According to Grund, this project expands on the previous NEGP grant project to increase baccalaureate professional nurses and promote graduate nursing education. NEGP 2015-17 grant program partnerships with Marion Technical College and Stark State College will continue through 2019, in addition to new grant partnerships with North Central State College and Avita Health System. “Goal one of the project is to increase Ashland University’s RN to BSN program enrollment capacity by 50 students in 2019,” Grund said. “Associate degree students at partnering institutions will have the opportunity to dually enroll at their institution and Ashland’s CONHS to streamline their pathway from an associate’s degree to a bachelor’s degree.” The second project goal increases graduate nursing programs enrollment capacity by 40 students in 2019.



The Ashland University Board of Trustees, students and administration have endorsed a document that calls for an overarching commitment to free speech among all members of the AU community and affirms a set of principles designed to protect free expression. “The adoption of this Ashland University Free Speech Principles is in part a response to a resolution passed by AU Student Senate calling on the university to protect and ensure the students’ and faculty’s moral and legal right to freedom of speech guaranteed under the United States Constitution,” said AU President Dr. Carlos Campo. According to Dr. Campo, AU’s document adopts free speech principles and language based upon the University of Chicago’s principles of free speech, which state that the university’s fundamental commitment is “to the principle that debate or

18 | Ashland University | Winter 2018

deliberation may not be suppressed because the ideas put forth are thought by some or even by most members of the University community to be offensive, unwise, immoral or wrong-headed. It is for the individual members of the University community, not for the University as an institution, to make those judgments for themselves and to act on those judgments not by seeking to suppress speech, but by openly and vigorously contesting the ideas that they oppose.” Campo agrees, noting that college is a time for students to learn to deal with challenging and unsettling ideas. View the entire AU Free Speech Principles at:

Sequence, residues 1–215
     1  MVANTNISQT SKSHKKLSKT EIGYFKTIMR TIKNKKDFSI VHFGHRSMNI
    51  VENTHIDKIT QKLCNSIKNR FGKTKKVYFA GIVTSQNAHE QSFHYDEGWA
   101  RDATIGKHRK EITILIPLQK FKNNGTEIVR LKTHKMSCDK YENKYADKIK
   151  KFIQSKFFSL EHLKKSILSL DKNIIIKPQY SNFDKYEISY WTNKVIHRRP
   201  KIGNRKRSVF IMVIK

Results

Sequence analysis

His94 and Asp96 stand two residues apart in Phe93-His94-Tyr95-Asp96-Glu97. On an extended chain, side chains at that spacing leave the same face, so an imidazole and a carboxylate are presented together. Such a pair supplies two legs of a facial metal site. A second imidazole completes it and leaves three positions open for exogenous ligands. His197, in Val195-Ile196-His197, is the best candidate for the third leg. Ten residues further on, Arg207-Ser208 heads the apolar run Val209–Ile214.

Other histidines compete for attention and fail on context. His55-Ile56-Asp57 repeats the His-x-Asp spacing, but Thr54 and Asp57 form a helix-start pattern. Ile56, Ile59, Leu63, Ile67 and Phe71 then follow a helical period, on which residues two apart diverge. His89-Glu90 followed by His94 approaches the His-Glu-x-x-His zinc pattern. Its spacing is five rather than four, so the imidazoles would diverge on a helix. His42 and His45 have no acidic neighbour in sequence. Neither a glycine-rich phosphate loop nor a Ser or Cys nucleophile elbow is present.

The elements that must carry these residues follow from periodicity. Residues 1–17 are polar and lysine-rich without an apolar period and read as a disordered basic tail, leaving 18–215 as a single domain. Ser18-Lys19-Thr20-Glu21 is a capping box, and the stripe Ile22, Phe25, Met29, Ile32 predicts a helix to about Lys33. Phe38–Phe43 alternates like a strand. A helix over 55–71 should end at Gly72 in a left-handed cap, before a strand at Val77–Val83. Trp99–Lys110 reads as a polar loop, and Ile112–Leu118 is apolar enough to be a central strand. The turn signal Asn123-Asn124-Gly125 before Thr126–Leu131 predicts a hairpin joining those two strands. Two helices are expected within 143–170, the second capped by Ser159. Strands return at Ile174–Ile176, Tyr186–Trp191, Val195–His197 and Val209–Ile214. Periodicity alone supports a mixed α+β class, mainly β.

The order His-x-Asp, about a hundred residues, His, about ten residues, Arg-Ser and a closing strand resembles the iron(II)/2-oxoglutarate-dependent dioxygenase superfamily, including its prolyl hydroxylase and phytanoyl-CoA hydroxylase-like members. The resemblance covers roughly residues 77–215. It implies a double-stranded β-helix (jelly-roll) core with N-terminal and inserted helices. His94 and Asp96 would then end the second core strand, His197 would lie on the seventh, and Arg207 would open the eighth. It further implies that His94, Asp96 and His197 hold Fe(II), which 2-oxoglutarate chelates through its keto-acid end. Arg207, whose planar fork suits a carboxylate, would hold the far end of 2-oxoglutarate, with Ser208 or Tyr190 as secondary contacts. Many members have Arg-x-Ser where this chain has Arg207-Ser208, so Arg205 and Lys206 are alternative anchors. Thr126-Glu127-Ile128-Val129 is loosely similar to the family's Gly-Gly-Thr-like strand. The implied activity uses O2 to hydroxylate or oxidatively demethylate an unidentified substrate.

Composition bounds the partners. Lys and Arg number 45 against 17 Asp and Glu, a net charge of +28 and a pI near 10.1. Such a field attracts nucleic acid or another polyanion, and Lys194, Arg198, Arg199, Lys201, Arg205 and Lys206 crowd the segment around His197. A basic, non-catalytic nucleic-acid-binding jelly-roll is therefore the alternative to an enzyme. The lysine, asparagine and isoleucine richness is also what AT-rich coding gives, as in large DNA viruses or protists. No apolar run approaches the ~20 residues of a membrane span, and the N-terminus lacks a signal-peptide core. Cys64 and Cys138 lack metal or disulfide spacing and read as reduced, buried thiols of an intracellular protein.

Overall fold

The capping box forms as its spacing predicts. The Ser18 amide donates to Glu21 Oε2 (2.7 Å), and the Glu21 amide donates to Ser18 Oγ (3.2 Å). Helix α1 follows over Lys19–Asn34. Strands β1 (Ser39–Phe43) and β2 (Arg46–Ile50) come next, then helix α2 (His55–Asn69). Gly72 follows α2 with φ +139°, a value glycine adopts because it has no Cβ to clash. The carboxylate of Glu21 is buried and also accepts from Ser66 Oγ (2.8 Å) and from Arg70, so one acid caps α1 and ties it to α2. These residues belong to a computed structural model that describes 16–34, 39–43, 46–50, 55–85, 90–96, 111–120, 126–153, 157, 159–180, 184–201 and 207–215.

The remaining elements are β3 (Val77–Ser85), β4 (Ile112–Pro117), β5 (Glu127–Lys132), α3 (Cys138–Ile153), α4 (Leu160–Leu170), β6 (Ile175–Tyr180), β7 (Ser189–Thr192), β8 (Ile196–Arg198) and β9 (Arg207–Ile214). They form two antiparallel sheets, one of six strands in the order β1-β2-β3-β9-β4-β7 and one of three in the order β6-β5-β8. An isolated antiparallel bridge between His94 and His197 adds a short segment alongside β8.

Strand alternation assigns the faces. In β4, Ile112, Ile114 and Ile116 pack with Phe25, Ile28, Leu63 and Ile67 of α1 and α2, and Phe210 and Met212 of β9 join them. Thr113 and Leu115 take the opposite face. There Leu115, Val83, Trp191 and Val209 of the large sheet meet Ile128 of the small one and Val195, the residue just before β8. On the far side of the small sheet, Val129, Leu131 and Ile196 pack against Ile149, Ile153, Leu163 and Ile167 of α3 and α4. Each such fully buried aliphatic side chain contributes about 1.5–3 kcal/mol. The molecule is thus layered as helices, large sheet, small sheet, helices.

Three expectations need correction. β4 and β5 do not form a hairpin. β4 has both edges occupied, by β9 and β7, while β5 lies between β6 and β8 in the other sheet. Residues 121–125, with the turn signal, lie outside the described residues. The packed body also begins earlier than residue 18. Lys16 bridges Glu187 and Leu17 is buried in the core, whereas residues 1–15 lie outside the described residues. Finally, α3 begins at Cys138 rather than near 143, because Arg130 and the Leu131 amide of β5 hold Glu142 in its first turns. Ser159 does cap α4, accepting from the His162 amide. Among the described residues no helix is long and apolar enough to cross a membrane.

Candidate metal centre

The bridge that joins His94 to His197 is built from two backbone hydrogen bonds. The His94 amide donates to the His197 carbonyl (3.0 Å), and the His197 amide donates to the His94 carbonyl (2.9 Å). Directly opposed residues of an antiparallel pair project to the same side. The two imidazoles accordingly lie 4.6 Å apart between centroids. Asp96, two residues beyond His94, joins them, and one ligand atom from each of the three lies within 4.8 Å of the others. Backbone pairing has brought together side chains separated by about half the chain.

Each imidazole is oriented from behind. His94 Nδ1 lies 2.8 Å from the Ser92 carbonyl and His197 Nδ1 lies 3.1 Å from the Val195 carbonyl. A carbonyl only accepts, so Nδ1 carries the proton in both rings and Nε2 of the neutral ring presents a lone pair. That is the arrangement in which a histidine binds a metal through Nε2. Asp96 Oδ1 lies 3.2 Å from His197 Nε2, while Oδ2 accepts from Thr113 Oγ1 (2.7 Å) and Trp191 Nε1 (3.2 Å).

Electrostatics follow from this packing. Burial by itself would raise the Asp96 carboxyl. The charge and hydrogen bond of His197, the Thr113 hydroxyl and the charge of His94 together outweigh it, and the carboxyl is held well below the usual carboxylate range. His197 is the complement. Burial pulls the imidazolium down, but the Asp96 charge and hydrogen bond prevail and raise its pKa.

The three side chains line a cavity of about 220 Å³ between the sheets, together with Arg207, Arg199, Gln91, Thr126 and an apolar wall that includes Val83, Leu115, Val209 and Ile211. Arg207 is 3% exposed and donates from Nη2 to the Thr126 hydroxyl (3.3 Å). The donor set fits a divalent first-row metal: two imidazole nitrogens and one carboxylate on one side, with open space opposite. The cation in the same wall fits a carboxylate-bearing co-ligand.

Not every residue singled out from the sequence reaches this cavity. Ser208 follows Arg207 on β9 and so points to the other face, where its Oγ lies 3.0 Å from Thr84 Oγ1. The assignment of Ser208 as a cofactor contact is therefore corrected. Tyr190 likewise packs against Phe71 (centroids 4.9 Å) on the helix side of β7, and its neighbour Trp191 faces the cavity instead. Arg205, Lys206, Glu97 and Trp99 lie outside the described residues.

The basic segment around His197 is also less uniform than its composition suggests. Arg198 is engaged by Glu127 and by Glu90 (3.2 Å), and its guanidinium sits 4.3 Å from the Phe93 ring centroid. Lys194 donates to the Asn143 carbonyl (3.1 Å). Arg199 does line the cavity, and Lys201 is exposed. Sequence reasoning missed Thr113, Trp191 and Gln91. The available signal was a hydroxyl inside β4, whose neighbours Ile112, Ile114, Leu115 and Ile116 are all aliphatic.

Dr. Steven Benner, professor and distinguished fellow at the Westheimer Institute for Science and Technology, asked Ashland University graduates to challenge experts as a way to discover the truth during his speech at AU’s winter commencement ceremony held Dec. 16 in Kates Gymnasium. Benner spoke on the topic, “Are you Sure You Know That?” “In addition to having learned all the things that you now know, I hope you also have learned that you do not know many things. And that some of the things that you have learned perhaps are not even true,” Benner told the graduates. “And further, I hope you have learned that others do not necessarily know they are true either, even if they tell you they are certain they are true. Now, I am a scientist, but I think that the word science should be used broadly to mean any human endeavor that seeks to understand reality.” Benner went on to explain the contradiction that the graduates have to face, and he said he hopes that their education will help them face it. Benner said graduates will remember 2017 as the anniversary of their graduation. “While it is 50 years after 1967 and its political turmoil, it’s also conveniently 500 years, almost to the month, of the first events that led to this ethic of challenging experts as a way of discovering the truth,” he said, going on to explain that on Oct. 31, 1517, Martin Luther tacked his 95 theses to a door of a Wittenberg church and challenged the experts of his day. “When he was called to account, Luther said, ‘I do not trust the Pope or councils or experts, since they have often erred. I cannot and will not retract anything since it is not neither right nor safe to go against my individual conscience. Here I stand, may God help me,’” Benner said. Benner said Luther was no scientist but a direct line connects this statement of an individual as a judge of fact and reason, not to the consensus of experts but to the miracles of the 21st century. “And I quote from the Ashland webpage; where there’s an Accent on the Individual, it also leads to the hallmark of Ashland University,” he said. Benner continued, “The scientific method that Accents the Individual, the economic system that Accents the Individual, the body politics that